"If present patterns persist, most socioeconomic and demographic trends indicate that fewer students will study mathematics and choose mathematicsbased careers." —A Challenge of Numbers, 1990 

needs for instructional and research laboratories. Even though the role of technology—hence of computer labs—in mathematics has grown in recent years, most mathematics departments still operate with budget allocations that, when compared with those for other departments, are among the smallest per credit hour of instruction. The resources available to most departments of mathematics are insufficient to meet their responsibilities.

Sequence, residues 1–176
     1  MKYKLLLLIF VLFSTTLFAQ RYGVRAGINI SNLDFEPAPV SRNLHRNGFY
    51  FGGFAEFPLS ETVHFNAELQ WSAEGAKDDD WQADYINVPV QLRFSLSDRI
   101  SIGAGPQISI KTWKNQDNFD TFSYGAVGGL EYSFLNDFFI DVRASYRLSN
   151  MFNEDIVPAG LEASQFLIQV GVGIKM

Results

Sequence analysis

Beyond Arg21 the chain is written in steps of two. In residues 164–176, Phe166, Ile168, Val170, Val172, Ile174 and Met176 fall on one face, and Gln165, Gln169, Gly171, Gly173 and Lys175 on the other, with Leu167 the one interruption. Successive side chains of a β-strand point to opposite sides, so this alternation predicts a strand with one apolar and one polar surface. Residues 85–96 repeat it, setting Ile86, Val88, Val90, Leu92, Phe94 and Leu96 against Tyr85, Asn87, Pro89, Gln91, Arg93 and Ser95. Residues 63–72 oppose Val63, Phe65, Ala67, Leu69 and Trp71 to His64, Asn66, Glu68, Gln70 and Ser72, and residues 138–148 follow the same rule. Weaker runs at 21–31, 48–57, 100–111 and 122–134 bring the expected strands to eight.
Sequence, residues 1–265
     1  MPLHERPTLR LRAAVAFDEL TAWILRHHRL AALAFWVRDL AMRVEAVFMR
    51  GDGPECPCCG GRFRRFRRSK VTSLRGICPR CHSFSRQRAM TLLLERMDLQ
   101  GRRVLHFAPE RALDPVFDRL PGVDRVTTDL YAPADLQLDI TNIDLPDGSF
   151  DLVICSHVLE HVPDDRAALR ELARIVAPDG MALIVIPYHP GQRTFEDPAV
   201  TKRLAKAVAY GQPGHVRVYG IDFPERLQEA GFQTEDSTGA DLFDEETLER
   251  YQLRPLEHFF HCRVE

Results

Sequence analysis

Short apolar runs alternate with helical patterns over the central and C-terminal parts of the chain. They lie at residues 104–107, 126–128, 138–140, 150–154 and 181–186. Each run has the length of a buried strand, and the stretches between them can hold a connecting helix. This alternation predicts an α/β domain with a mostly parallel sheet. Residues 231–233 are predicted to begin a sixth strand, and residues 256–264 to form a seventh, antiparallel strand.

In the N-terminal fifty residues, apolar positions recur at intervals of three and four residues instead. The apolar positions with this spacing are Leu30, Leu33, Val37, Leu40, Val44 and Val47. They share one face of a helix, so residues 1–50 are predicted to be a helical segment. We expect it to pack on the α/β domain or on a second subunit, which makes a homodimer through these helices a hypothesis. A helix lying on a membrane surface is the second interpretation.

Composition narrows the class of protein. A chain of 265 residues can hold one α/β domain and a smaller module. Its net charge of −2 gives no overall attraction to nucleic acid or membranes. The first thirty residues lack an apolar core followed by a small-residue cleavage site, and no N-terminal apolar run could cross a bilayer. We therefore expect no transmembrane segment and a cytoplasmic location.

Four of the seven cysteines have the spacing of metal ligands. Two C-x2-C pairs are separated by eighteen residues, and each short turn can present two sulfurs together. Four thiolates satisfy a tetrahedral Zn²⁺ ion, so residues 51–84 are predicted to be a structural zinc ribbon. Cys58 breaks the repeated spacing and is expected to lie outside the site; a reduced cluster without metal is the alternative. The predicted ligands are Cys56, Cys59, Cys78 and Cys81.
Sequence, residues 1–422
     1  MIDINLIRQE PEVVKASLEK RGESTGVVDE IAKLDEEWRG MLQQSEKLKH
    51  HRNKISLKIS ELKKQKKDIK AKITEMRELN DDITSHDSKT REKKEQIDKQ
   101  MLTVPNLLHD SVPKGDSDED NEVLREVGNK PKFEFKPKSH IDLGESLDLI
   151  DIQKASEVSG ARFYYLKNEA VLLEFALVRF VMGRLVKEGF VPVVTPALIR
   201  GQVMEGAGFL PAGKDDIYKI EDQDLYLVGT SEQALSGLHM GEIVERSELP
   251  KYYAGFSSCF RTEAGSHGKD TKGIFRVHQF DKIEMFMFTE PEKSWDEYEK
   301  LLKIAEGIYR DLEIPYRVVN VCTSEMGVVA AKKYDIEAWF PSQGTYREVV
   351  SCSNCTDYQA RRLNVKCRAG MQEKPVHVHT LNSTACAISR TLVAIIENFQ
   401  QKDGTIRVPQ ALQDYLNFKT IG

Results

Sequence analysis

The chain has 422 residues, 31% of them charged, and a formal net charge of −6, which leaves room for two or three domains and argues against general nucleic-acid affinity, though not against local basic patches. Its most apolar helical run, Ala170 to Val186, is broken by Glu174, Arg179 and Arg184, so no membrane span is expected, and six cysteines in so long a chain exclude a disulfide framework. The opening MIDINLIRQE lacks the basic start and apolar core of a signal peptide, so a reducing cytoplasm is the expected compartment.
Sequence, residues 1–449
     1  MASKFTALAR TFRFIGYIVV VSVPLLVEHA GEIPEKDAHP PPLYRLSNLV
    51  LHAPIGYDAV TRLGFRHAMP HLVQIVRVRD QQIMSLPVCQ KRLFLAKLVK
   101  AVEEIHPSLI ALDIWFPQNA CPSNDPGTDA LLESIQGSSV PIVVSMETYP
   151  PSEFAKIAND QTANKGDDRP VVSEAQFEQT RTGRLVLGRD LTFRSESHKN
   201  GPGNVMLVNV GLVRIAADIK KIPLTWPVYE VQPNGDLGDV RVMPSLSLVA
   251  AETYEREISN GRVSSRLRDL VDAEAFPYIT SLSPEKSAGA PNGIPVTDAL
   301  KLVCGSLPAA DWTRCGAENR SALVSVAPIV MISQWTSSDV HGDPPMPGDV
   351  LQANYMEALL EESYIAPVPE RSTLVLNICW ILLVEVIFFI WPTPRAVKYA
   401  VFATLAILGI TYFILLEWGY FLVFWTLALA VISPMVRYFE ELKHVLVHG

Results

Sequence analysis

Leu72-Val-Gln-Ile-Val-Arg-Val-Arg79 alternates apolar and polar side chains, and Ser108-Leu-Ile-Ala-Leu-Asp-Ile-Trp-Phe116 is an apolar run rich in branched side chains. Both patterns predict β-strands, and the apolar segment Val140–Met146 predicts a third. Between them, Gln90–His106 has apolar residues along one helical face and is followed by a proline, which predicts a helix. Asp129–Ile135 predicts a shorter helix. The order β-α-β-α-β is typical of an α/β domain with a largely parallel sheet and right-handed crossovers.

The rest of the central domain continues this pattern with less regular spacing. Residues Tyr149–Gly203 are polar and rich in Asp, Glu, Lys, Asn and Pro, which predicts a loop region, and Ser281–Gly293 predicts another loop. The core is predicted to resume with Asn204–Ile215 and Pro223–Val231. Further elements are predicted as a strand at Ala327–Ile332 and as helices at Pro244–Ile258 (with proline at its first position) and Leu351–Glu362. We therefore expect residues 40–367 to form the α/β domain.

In the number of minorities and women who study mathematics: College mathematics attracts far too few Black and Hispanic students, and their attrition rates between high school and the sophomore year of college are much too high. Although the number of women enrolled in un

dergraduate mathematics courses is only slightly smaller than the number of men, the relative number of women drops dramatically in graduate enrollments. Only a small fraction of our population—consisting primarily of white males—complete a mathematics education that matches their potential and interests. The result is an appalling waste of human potential, denying to individuals opportunity for productive careers and to the nation the resources for economic strength.

In the number of students who study mathematics: The number of students electing to take mathematics courses declines precipitously from ninth grade to graduate school. Each year from high school through graduate school, on average, one of every two students stops taking mathematics courses.